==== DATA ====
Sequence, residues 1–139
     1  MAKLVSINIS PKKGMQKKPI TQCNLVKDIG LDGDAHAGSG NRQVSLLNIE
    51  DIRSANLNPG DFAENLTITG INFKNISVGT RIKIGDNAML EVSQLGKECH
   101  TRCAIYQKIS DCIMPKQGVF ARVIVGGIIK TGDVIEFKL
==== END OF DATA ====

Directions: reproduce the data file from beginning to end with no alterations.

Sequence, residues 1–139
     1  MAKLVSINIS PKKGMQKKPI TQCNLVKDIG LDGDAHAGSG NRQVSLLNIE
    51  DIRSANLNPG DFAENLTITG INFKNISVGT RIKIGDNAML EVSQLGKECH
   101  TRCAIYQKIS DCIMPKQGVF ARVIVGGIIK TGDVIEFKL